Our commercial real estate brokerage represents clients in both the disposition and acquisition of property and works directly with you to determine your needs. We then strive to improve efficiency and reduce costs. We also assist financial institutions and government agencies in the management and disposition of âtroubled properties.' Our firm incorporates its spectrum of services to efficiently turn these properties around and improve their value for ultimate disposition.
If you're just getting started in commercial real estate investing, you're probably searching for reliable advice and best practices to follow. While hands-on experience and guidance from a commercial real estate broker are always best, a little advice never hurts. After all, there's a wide world of opportunity out there. As you begin to build a more robust portfolio, keep these tips and tricks in mind.
Commercial real estate deals can take a lot longer than traditional single-family transactions. That's true throughout the entire process, from purchase, to renovation, to selling. That's not a bad thing - after all, having impatience is a good way to rush into a poor decision. Instead of a means to quick cash, think of commercial real estate deals as a large bonus or as a vehicle for retirement.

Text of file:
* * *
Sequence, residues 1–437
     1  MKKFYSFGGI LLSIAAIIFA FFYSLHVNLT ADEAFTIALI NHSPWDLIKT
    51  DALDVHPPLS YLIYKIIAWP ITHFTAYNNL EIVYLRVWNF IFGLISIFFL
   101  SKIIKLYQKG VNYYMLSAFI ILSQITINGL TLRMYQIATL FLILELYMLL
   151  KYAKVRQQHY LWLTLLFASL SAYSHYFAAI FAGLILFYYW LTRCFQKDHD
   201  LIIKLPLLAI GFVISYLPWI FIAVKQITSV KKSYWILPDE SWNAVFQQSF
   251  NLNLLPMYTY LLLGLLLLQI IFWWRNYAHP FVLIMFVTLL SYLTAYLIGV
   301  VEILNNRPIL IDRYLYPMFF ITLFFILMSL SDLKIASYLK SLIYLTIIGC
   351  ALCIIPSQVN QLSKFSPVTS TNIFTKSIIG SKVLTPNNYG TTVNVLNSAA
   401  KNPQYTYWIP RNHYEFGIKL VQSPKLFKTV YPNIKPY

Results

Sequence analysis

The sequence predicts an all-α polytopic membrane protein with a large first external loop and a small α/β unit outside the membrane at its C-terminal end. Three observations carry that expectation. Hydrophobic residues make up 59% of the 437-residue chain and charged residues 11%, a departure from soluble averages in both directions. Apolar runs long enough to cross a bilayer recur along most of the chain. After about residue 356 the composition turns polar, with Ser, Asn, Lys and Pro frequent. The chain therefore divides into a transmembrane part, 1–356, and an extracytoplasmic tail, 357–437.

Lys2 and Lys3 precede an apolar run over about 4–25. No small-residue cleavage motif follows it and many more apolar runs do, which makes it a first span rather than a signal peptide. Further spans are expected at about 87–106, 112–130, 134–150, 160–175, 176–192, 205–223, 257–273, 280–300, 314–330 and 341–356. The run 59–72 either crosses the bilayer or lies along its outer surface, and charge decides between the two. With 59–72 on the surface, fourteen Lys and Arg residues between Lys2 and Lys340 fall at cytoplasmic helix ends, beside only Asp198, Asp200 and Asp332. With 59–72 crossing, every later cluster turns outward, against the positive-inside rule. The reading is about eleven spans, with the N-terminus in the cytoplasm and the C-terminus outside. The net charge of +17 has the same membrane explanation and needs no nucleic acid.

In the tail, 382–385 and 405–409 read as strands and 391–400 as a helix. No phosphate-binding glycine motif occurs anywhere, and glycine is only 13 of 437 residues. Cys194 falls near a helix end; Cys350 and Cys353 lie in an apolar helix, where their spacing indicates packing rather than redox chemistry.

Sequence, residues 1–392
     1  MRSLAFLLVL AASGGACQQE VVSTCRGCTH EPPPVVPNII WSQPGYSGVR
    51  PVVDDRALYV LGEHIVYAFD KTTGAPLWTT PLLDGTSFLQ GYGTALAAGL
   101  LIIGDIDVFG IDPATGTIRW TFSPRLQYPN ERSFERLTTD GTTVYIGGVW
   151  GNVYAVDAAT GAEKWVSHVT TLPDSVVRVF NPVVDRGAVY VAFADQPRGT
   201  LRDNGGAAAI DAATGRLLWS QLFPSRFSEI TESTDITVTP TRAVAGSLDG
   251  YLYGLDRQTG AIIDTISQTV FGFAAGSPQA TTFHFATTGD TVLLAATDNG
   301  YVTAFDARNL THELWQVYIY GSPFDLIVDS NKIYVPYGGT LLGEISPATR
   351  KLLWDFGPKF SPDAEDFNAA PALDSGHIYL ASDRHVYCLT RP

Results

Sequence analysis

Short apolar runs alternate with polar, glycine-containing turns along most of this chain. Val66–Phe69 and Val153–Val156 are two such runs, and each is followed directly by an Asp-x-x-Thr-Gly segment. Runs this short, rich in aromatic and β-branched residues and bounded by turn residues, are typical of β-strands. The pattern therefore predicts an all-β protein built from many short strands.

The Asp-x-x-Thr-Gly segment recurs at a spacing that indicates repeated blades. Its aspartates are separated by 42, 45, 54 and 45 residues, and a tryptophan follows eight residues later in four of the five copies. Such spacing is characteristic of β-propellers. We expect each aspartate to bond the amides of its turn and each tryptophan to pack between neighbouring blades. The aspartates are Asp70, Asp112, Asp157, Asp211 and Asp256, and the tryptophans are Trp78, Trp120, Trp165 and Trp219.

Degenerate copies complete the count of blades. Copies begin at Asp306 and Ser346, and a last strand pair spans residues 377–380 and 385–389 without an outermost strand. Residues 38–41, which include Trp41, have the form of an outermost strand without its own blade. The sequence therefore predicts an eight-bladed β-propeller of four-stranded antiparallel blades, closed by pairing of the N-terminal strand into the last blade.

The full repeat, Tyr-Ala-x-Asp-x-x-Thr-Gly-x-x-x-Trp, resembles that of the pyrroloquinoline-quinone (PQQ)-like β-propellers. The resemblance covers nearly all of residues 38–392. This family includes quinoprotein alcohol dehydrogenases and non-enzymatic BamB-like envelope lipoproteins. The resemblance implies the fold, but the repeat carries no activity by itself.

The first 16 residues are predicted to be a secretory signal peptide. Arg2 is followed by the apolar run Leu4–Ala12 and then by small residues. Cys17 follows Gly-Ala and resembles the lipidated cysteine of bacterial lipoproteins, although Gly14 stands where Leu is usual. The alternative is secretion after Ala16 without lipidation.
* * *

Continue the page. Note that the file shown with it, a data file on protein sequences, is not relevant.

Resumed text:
Many commercial real estate investors jump right into the multi-family property space. However, it's essential to keep other types of properties in mind, such as mobile homes, office buildings, land, and even mobile home parks. Forget about your comfort zone. Instead, weigh your options and choose a niche that helps you meet your goals.
Commercial loans are quite different than their residential counterparts. In some ways, they're better. Though down payments are typically higher, meaning you'll put more down, there's often no personal liability involved. Plus, commercial loans can be more forgiving when borrowing money for down payments. The bottom line is to search for the best lenders before making an offer. If you're having trouble, ask your commercial real estate broker for assistance, as they often have connections and partnerships with relevant entities.